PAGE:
On a Sunday night in mid-November last year, people gathered on the streets of Bucharest in their thousands to celebrate the choice of Klaus Iohannis as Romania’s next president; a liberal thinker and the first person from the country’s ethnic German Protestant minority to be elected. With a voting turnout of 62%, the highest in 14 years, Iohannis’s appointment was considered a surprise for this conservative, majority-Eastern Orthodox country.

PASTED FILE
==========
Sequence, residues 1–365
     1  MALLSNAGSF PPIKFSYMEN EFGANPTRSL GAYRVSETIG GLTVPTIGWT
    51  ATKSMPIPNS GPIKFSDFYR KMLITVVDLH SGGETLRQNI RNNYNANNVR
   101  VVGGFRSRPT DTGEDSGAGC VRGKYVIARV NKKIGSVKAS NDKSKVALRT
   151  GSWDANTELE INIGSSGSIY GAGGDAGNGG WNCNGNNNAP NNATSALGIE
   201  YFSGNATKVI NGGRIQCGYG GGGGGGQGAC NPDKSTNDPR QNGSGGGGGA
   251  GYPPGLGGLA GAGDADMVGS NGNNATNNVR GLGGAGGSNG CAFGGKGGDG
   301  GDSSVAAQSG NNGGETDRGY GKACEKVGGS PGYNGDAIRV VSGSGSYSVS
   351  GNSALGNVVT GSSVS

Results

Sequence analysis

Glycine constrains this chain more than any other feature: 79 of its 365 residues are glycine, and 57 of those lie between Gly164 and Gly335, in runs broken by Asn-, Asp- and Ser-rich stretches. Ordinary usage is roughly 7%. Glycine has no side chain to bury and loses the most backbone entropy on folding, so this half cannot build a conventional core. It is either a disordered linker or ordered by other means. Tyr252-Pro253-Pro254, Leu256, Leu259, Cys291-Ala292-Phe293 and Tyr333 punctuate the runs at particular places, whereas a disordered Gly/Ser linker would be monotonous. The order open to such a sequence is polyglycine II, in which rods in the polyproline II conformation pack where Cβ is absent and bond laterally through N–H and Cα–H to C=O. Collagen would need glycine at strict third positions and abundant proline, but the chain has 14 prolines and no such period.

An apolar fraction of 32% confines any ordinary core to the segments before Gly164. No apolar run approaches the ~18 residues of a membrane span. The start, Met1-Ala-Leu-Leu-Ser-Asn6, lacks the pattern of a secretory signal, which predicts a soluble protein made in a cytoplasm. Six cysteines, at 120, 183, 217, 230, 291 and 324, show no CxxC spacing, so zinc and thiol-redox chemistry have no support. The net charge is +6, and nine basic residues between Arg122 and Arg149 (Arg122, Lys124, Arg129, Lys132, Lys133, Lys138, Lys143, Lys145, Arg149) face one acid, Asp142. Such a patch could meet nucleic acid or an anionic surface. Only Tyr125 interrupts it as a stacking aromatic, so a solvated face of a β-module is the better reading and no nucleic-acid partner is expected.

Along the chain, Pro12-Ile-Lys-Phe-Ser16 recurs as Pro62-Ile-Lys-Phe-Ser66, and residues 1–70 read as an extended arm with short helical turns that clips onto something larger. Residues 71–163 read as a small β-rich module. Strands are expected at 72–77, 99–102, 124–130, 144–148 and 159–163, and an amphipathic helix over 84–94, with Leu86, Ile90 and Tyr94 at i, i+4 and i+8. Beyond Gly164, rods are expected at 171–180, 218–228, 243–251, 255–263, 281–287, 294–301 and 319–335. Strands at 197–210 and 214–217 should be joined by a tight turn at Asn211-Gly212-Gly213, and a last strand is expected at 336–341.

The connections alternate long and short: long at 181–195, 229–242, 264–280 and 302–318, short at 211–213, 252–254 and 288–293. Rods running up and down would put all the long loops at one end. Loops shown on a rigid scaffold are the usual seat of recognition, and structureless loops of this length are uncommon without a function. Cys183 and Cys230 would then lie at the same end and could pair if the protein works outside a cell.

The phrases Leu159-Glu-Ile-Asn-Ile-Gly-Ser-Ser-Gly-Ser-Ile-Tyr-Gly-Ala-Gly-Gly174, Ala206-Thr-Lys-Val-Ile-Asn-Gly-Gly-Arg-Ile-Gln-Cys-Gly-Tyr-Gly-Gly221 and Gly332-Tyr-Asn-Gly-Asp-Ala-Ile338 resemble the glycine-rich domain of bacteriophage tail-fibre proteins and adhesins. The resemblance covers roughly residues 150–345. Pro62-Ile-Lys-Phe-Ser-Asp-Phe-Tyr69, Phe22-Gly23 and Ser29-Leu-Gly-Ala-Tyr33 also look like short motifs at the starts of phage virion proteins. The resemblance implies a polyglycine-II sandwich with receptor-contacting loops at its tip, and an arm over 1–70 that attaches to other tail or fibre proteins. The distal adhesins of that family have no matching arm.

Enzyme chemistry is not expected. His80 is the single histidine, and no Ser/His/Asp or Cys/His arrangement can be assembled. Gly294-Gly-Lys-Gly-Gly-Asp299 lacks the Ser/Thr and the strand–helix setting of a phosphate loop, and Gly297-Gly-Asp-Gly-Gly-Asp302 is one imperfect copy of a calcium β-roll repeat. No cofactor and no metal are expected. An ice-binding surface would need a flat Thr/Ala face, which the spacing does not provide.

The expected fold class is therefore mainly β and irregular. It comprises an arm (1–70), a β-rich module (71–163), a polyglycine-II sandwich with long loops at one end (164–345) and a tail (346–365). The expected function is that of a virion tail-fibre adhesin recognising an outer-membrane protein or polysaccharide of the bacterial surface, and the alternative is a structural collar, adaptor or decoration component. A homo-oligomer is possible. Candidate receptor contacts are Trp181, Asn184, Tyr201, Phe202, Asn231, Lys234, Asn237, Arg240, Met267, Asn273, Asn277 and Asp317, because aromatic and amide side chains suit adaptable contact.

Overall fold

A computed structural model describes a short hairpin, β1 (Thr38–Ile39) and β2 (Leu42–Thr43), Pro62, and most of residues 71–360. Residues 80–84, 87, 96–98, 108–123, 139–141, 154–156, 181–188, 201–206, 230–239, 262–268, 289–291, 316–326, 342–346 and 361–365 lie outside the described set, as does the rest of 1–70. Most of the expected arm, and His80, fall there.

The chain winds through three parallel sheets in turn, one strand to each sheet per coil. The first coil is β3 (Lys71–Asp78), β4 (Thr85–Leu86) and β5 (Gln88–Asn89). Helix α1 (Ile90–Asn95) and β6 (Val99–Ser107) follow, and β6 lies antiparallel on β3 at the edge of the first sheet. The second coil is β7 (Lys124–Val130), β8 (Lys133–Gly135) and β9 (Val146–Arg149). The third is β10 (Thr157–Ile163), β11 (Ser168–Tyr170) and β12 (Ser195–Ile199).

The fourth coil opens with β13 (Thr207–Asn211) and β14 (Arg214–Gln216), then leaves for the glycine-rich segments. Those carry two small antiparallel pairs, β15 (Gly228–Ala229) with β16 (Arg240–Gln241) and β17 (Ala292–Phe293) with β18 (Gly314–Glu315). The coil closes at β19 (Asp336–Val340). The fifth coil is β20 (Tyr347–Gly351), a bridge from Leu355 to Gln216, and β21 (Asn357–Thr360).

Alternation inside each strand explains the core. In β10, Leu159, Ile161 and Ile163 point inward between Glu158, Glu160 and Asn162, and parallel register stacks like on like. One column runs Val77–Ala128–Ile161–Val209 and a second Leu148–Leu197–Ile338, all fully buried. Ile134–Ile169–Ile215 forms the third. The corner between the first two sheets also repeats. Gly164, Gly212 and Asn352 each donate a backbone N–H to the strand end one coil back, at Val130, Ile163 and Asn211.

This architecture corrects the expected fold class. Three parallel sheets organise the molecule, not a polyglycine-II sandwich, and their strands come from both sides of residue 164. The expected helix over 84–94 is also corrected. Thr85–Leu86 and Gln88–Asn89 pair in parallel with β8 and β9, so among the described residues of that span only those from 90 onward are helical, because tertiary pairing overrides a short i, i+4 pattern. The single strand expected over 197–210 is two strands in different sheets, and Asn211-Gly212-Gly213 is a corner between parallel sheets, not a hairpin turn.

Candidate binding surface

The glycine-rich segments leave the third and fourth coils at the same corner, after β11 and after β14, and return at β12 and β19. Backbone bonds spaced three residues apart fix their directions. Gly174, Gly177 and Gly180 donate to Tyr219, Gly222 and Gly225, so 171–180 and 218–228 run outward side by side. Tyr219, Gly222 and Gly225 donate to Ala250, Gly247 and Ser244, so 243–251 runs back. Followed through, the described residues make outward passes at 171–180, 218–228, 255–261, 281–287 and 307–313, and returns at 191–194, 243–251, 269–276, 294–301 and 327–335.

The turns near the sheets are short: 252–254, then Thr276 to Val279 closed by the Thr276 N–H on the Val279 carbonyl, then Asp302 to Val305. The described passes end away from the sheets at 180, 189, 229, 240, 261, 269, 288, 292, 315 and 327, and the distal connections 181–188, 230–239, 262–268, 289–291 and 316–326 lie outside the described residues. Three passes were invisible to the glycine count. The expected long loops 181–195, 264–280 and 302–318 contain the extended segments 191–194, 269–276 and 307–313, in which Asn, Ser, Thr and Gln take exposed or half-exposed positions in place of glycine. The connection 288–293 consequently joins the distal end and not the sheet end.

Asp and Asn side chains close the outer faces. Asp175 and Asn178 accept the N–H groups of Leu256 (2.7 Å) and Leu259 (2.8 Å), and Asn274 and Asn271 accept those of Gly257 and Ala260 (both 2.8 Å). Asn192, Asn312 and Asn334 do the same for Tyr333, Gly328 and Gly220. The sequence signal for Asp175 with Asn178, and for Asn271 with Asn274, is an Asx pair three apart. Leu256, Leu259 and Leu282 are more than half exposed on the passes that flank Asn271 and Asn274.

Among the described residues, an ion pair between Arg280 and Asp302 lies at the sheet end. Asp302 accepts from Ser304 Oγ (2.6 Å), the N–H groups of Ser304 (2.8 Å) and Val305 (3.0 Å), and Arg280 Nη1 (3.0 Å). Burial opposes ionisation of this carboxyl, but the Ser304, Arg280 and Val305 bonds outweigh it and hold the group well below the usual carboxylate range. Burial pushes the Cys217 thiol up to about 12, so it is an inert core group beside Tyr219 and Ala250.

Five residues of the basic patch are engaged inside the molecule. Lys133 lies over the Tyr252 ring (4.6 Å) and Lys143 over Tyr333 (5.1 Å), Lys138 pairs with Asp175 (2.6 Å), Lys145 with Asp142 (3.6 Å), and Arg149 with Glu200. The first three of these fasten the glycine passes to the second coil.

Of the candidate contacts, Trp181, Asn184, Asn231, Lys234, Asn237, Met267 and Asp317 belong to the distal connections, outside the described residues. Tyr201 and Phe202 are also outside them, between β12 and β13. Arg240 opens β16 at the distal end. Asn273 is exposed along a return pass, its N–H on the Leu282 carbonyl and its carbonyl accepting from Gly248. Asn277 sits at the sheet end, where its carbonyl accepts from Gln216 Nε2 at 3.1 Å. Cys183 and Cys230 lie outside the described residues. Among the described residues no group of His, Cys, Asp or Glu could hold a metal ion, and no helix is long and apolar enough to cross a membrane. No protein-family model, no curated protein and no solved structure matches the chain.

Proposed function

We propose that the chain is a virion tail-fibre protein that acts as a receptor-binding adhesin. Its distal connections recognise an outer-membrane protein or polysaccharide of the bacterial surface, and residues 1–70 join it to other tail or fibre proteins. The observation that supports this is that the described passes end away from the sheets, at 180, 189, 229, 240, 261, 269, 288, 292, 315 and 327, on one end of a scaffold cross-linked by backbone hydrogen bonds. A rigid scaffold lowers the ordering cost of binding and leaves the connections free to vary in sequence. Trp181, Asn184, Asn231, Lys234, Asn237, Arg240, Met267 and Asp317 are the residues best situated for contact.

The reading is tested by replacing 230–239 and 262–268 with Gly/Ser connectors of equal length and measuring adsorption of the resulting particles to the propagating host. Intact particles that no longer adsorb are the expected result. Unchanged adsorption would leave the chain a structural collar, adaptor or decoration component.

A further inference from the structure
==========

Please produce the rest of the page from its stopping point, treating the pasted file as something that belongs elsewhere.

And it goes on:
While in essence a protest vote against the incumbent government and its socialist prime minister Victor Ponta, who ran a staunchly nationalist campaign, Iohannis’ election may well prove to be an asset for the nation. The centre-right leader’s plans to modernise Romania include establishing an anti-corruption regime – the country is widely regarded as among the most corrupt in Europe – focusing on the rule of law, safeguarding the independence of the judiciary and, equally important, winning western investment (well before the election, Romania regained its investment credit rating for the first time in six years from Standard & Poor’s). Most importantly, Iohannis’ election signals the increasingly progressive mood of the Romanian public, which is good news for the domestic and international law firms operating there.